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Obama represented ACORN once - Oct. 18, PolitiFact

In this PolitiFact feature, you point out that John McCain stated that Barack Obama "was a trial attorney for ACORN." Then you proceed to prove that Obama was, indeed, a trial attorney for ACORN in a lawsuit brought against the state of Illinois. Then, incredibly, you conclude that this simple, declarative statement by McCain is only "half true."

No, the statement is absolutely true.

What apparently concerns you is the implication of the statement - not its declarative expression. If you feel that it could be mistakenly interpreted, then state that plainly - but to label the statement "half true" (whatever the heck that means) is in itself false and disingenuous.

By the way, I have voted for Ralph Nader the past two elections and I intend to vote for him again. If you really want to do your job as so-called "journalists," why don't you publicize Nader's views on the current economic crisis and compare and contrast those with the lockstep views of the two mainstream candidates?

Neither McCain nor Obama is peddling change. They are both selling more special interest infighting and partisanship, Democrat/Republican style.

Brett Geer, Tampa

Obama represented ACORN once - Oct. 18, PolitiFact

Humanitarian causes

I take exception with the claim, made in this PolitiFact article, that "voter registration drives for low-income groups, initiatives to increase the minimum wage and programs offering help to victims of predatory lending" are "left-leaning causes."

I would argue that these causes are actually neither right nor left, but in fact humanitarian. The fact that they are now identified as "left-leaning" is a sad commentary on how good programs have been demonized in this country. It also speaks volumes on how insidious this demonization has become, when it is used so casually in a PolitiFact article.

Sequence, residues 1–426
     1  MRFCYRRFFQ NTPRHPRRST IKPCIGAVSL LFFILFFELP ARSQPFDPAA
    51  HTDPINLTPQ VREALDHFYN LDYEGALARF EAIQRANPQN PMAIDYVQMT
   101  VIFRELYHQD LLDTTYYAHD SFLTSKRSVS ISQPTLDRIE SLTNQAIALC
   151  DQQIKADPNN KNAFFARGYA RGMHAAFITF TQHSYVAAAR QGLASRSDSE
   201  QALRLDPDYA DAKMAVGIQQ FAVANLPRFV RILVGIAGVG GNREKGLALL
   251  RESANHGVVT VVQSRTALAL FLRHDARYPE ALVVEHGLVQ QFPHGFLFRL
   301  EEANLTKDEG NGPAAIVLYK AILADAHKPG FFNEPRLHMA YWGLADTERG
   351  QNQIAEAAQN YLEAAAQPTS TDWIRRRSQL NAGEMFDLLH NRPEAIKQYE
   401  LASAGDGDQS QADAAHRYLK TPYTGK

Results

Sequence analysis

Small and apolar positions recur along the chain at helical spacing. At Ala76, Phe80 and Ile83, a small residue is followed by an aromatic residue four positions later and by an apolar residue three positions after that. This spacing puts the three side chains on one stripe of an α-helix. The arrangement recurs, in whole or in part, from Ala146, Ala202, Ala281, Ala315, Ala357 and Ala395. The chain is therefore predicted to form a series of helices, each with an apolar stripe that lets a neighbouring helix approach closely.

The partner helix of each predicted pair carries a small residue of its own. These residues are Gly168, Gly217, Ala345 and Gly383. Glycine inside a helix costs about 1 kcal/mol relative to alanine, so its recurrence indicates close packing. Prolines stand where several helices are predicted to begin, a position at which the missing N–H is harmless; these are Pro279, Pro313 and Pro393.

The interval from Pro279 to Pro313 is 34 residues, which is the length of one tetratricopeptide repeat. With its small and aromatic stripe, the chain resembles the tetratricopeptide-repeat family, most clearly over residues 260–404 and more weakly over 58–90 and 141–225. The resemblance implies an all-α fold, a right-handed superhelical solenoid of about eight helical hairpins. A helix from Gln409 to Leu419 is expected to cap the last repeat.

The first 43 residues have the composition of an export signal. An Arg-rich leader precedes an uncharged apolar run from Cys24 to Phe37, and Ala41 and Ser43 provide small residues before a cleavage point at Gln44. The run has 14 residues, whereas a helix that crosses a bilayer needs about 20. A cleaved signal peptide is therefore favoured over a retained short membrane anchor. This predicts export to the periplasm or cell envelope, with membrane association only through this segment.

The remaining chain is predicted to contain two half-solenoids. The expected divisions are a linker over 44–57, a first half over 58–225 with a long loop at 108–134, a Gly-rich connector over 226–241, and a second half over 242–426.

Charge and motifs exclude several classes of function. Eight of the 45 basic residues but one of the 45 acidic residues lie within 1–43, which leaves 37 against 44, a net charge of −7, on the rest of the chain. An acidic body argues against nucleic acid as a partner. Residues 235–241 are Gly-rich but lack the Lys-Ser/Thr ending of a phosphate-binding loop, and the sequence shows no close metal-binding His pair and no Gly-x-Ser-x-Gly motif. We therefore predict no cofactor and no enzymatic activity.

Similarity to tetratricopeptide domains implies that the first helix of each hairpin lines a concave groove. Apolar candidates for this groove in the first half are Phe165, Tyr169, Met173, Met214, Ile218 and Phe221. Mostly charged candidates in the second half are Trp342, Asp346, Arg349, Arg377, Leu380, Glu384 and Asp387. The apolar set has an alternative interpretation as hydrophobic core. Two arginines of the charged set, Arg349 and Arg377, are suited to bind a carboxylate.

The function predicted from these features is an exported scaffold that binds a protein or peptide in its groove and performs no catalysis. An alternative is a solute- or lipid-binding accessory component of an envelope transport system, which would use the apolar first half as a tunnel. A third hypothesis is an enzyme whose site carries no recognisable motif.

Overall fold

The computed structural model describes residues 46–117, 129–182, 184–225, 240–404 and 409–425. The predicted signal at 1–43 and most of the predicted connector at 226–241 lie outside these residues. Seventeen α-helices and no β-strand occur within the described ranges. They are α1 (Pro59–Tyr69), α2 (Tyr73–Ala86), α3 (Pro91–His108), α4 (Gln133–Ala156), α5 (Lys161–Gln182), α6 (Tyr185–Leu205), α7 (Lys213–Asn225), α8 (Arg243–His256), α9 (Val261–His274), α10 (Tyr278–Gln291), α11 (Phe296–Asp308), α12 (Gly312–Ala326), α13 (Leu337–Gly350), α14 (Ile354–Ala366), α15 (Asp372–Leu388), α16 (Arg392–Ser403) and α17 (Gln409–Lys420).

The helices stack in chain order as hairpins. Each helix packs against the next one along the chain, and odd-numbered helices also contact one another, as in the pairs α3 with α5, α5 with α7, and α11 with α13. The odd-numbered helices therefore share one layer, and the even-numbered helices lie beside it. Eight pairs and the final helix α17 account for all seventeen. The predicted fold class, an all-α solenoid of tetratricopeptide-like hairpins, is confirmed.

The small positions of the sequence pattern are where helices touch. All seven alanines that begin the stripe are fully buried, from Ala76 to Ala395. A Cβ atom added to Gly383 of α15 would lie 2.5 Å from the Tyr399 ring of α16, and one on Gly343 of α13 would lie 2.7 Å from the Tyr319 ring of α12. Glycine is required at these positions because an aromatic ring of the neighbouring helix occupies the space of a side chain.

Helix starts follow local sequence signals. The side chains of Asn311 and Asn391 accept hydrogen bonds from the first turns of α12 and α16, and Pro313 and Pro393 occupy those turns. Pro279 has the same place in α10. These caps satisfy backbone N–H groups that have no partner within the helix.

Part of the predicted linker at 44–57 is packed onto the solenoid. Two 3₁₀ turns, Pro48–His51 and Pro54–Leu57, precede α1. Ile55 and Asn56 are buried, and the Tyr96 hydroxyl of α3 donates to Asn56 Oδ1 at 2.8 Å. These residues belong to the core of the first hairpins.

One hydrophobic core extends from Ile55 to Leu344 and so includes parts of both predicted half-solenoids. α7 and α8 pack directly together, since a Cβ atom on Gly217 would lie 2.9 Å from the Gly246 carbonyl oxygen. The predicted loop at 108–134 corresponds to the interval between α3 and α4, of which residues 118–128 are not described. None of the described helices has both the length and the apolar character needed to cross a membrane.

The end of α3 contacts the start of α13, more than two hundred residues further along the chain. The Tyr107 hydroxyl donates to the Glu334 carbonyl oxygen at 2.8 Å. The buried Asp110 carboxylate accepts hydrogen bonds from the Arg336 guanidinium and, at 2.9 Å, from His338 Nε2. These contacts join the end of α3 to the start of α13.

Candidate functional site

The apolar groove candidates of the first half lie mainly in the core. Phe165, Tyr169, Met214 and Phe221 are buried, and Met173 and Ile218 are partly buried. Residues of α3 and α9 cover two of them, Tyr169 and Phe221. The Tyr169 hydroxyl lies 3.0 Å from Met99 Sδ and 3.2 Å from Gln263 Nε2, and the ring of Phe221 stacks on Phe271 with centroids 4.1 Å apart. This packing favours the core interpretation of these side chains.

Steve Harden, Holiday

Absolutely not true about ads - Oct. 16, PolitiFact

Put out that fire

We all want to be fair and balanced like Fox News, but your truth squad really strained to come up with the grade of "Pants on Fire" when Barack Obama said the record of John McCain's ads was totally negative. The editors noted that 73 percent of the McCain ads were negative and that in one recent week (now that we are running out of time for rebuttal), virtually all McCain ads took the low road.

As an old teacher, my grade would have been somewhere between "partially true" and "substantially true."

Byron Evans, Spring Hill

Just political talk

There is one important point everyone appears to forget. The president can do very little without the support of Congress with most issues discussed in the debates and campaign.

With the status of our economy and other factors, both McCain-Palin and Obama-Biden are just talking politics to get elected.

Remember the phrase "Say anything to get elected." If people would remember this when listening to both parties speak, it would give them a reality check from B.S. politics.

Another point is that the citizens should pay attention to what is going on all the time and be active citizens by writing and demanding their members of Congress do what they, the citizens, think is right on the issues.

We need to make our representatives accountable to us throughout their terms in office and not just ask questions during the elections.

Walter Gay, Dunedin

Great expectorations

The other night as I watched baseball (our "national pastime") on TV I was assaulted with a gross epiphany. Our "national pastime" is not baseball - it's spitting. We should formally recognize this and make it an Olympic event. Yes, statistics of accuracy, speed, distance and, uh, volume would be relevant.

I believe that Tropicana Field is maybe the largest spittoon in the world. Golly, we should realize that maybe we are missing out on a great public financing vehicle. We should invite a chewing tobacco, gum or seed company to paint our stadium with their logo and slogan.

You know, I would love to be a baseball player, a boy of summer. However, I recently turned 60. I realize my implied criticism of the "national pastime" means I just can't hack it.

Mike Cheek, Belleair

London's economic pain widespread - Oct. 18, story

Relative economics

I've been waiting for an opportunity to recycle this quote from Charles Dickens.

Mr. Micawber, who recently had been imprisoned for debt, tells David Copperfield his rule for happiness in life:

"Annual income twenty pounds, annual expenditure nineteen nineteen and six, result happiness.

"Annual income twenty pounds, annual expenditure twenty pounds ought and six, result misery."

Daniel P. Quinn, St. Petersburg